|MadSci Network: Zoology|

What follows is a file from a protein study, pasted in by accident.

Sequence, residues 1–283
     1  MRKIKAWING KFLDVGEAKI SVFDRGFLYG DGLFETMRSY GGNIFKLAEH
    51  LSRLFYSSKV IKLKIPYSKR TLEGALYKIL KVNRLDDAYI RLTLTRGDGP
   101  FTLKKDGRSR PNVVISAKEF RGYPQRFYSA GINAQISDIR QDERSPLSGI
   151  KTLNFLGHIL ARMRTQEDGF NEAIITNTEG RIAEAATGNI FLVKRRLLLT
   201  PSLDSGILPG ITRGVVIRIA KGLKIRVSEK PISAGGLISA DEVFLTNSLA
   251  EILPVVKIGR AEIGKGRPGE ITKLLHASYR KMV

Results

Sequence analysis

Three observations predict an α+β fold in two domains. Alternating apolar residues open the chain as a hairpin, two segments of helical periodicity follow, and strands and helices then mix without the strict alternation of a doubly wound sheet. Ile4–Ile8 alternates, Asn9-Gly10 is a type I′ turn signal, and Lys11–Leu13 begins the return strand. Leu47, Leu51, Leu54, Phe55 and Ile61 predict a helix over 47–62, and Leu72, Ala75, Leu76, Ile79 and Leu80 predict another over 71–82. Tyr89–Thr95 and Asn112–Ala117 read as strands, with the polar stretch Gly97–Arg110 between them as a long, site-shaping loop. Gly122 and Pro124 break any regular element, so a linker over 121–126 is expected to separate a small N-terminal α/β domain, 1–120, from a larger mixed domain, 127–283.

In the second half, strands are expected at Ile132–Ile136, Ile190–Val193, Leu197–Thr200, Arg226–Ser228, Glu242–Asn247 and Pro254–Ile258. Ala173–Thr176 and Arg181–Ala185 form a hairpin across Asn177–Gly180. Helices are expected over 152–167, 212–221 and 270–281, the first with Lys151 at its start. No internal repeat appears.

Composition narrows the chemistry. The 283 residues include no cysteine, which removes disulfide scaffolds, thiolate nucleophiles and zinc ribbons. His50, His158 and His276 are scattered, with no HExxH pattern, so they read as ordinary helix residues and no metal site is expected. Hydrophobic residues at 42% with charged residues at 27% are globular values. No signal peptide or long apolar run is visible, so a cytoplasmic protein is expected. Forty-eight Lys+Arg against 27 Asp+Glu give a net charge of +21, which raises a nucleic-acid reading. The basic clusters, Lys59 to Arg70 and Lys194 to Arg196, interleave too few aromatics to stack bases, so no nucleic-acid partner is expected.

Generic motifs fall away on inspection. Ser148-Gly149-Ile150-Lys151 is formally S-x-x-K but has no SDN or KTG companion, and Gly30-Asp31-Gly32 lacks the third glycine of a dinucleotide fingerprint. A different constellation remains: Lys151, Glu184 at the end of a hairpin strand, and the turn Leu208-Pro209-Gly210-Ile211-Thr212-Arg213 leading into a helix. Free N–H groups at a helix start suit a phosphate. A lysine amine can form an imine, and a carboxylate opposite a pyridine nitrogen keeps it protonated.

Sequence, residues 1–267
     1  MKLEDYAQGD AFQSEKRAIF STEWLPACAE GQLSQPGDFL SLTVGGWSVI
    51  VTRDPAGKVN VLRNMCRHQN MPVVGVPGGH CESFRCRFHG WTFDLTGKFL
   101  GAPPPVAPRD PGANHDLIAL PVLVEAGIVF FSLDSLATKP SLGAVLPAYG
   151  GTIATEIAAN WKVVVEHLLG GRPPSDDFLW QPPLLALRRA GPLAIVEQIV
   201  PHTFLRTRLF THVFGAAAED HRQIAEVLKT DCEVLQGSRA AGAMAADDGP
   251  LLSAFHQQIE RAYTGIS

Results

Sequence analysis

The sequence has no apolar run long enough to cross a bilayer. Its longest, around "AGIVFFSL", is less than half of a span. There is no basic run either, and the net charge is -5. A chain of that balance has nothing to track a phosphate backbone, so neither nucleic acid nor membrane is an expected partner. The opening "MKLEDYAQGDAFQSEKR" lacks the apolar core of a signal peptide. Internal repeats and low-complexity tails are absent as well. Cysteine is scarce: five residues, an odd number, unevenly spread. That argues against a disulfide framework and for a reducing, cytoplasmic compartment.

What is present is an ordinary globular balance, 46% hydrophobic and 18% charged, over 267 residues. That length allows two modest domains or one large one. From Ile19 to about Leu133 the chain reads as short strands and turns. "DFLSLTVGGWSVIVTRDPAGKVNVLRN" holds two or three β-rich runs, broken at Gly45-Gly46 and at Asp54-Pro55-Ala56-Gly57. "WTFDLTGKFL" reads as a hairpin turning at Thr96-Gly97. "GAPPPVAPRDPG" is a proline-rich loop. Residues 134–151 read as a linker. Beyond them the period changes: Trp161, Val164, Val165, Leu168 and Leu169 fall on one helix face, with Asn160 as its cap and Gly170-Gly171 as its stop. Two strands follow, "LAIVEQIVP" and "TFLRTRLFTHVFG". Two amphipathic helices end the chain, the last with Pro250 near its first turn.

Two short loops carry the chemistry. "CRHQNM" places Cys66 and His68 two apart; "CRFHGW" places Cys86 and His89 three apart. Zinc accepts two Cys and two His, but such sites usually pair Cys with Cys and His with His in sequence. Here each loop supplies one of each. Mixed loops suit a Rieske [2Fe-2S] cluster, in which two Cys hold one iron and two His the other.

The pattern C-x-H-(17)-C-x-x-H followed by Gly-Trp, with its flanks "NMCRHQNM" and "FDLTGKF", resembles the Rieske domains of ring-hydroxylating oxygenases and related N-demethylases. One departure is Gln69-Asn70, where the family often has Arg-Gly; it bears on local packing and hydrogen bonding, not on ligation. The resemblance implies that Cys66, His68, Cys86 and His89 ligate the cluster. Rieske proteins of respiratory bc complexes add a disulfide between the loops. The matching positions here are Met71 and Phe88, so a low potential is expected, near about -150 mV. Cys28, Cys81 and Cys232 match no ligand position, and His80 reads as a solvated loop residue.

Dear Maryam thank you for your question. Biologists call the immature forms (that can not reproduce) of insects "larva". Thus in principle any and every insect goes through a larval stage. But I am quite sure, that is not what you wanted to know. Therefore, let me give you some background information about insect development, and then I try to answer your question again. In nearly all insects growth involves a metamorphosis, that is, a transformation in form and in way of life. Insects in which the adult form is only seen after the last or next-to-last molt of the young are called "holometabolous". Beetles, flies, mosquitoes, moths and butterflies are examples for holometabolous insects. Complete, or indirect, metamorphosis is characteristic of over 80% of all insect species and has four stages: egg, larva, pupa, and adult. The wingless, wormlike larva (in many species called a grub or a caterpillar) is completely unlike the adult, and its chief activities are eating and growing. Only the simple eyes are present, and the mouth is the chewing type, even in species whose adults have other kinds of mouthparts. After several molts the larva enters a quiescent stage called the pupa; the pupa does not eat and usually does not move, but within the exoskeleton a major transformation occurs that involves the reorganization of organ systems as well as the development of such adult external structures as wings and compound eyes. In some insects the pupa is enclosed in a protective case, called the cocoon, built by the larva just before pupation. When the transformation is complete the final molt occurs: the adult emerges, its wings fill with blood and expand, and the new exoskeleton hardens. The chief function of the adult is propagation; in some species it does not eat. Incomplete, or gradual, metamorphosis is seen in members of fewer insect orders. The larva, often called a nymph (or, if aquatic, a naiad) is usually similar in form to the adult, but lacks wings. The wings begin as external bumps on the larva, and the adult emerges from the last molt without having undergone a pupal stage. Insects in which the young look like little versions of the adults are called "hemimetabolous". Grasshoppers, aphids, cicadas, termites and cockroaches are examples for hemimetabolous insects. Thus - to answer your question now directly: if you observe a grashopper hatching out from its egg, you will see, that I looks like a perfect miniature version of the final adult grasshopper, just that it does not have any wings jet. With that you can be sure, that you observe a nymph (or larva) of a hemimetabolous insect. If it would be a holometabolous insect, it would like totally different from its adult form. (That is how the mealworm got its name - it looks much more like a worm than like the beetle that it will become later in life.) I hope that helps. If you want more information about this, any introductory book about insects should tell you about the different kinds of development with nice pictures as examples. If you do a search on the internet on the keywords "insect" and "metamorphosis" you certainly will get to many pages with good information on this subject. Have a good day Jurgen Ziesmann
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